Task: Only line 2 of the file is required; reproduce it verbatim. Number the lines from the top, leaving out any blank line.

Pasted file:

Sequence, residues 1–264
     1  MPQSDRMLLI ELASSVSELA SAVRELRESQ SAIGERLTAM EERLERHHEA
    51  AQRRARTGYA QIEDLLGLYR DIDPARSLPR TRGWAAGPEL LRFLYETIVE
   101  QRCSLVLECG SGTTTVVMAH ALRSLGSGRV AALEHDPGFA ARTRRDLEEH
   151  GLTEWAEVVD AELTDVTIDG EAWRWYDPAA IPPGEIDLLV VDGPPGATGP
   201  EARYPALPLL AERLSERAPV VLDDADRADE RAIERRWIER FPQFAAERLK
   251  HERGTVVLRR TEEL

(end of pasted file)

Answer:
     1  MPQSDRMLLI ELASSVSELA SAVRELRESQ SAIGERLTAM EERLERHHEA